When PTSD predominates, the anxiety never lets up, and you feel helpless to stop it. With trauma running the mind, you lose control and enter a shock/trauma vortex: thoughts and images of the shock pull you in as if to a black hole. In that moment when your world crumbles, the biggest shock registers. The moment crystallizes and becomes deeply etched in traumatic memory, reappearing in insistent, unpredictable, invasive replays.

The most dominant psychological symptom of traumatic shock is a sense of complete powerlessness. In the violent separation forced by abandonment,  the balance of power goes to the perpetrator.You wake in the night or morning, or lie there before sleep that never seems to come, and then throughout the day, you find yourself automatically pulled back into these disturbing memories and thoughts.

The Psyche Reverts to Primitive Defenses

We are traumatized, it feels as if our life—physical or psychological—is under threat.  Our brain and nervous system go into survival gear to shield us from the unbearable pain and anxiety of possible disintegration. When we are betrayed in love, the integrity of the self cannot sustain the incomprehensible discrepancy between the emotional assault of deception and/or abandonment and our presumed safety with our partner.

The psyche reverts to primitive defenses to cope with the agonies and dread of annihilation of our core self.  These early defenses of splitting, numbing, terror and rage block us from experiencing the unthinkable possibility of nonexistence.

Due to the incomprehensibility of the shock—we literally do not understand what is happening or why—trauma causes a split in consciousness that explains many of the symptoms. If you are obsessing, for instance, you are likely still in shock. The rational mind is still trying to make sense out of the nonsensical while the lower brain continues to react to the pain, sounding the alarm that something is wrong.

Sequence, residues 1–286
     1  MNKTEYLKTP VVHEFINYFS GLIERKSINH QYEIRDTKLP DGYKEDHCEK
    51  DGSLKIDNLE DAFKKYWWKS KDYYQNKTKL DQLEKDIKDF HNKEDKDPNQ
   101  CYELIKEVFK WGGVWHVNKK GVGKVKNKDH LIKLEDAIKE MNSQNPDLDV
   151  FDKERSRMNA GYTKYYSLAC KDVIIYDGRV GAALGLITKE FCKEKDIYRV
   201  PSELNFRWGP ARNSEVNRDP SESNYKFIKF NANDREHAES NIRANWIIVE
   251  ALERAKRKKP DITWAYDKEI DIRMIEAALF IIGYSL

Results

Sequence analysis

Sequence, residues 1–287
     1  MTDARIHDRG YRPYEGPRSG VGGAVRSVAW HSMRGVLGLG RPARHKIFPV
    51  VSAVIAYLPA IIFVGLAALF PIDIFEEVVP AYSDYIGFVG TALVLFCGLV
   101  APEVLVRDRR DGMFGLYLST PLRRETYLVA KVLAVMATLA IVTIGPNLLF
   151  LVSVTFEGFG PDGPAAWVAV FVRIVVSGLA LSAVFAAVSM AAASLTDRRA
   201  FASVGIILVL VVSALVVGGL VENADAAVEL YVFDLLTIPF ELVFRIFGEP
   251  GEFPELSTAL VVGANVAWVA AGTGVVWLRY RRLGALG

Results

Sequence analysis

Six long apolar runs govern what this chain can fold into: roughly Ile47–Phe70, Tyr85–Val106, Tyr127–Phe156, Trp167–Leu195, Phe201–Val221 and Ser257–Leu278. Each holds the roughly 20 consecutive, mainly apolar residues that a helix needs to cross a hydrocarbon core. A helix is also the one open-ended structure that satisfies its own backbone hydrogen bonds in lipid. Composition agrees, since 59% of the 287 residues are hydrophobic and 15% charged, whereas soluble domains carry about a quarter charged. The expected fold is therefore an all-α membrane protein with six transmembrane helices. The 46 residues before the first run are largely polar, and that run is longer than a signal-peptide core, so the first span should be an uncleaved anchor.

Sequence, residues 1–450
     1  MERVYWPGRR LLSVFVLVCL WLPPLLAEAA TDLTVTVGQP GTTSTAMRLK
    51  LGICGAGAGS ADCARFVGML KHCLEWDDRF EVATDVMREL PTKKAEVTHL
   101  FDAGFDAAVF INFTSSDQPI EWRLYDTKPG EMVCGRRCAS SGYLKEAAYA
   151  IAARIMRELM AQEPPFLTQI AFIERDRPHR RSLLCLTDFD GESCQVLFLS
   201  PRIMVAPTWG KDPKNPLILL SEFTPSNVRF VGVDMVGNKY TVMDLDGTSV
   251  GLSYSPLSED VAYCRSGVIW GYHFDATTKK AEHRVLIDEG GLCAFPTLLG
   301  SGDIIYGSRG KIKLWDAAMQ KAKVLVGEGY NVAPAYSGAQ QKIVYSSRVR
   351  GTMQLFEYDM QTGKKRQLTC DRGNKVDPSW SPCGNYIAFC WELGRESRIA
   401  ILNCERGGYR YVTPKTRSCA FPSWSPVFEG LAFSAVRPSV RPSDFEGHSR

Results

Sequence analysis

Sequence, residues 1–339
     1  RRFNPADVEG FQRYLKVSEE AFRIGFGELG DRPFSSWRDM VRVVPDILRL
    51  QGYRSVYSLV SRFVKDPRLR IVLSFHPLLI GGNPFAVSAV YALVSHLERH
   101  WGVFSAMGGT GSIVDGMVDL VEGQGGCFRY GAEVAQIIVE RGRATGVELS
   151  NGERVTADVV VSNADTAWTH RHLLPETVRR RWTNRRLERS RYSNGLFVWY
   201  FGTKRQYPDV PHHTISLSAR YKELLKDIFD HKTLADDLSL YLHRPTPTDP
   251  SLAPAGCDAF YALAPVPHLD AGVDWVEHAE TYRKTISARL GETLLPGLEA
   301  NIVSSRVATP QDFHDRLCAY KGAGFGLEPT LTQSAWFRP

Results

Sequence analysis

The Protector and the Wounded Child

imgres-63The incomprehensible emotional violence of betrayal, like any powerful trauma, often triggers an ontological crisis, a crisis of being. You think, “This cannot be happening to me”  and “How could anyone do this to another person?”  In close interpersonal trauma, we are poised to lose faith in human nature and in the goodness of life itself.

To avoid feeling these unbearable horror of meaninglessness and powerlessness, the psyche splits in two parts — a powerful “protector” and a wounded or victimized child.  The protector takes the form of a benevolent or, at times, malevolent presence meant to hold the self under assault together.

The zealousness of this primitive safeguard helps to explain the sense of ongoing, overwhelming threat we live with in the wake of trauma. You don’t feel safe anywhere. The protector tends to interpret every situation as a threat of re-traumatization and  adopts an anti-life stance of attack, especially to any new experience. Dissociation, withdrawal, numbing, addictions and depression describe the most common, more recognizable, survival defenses brought on by this split.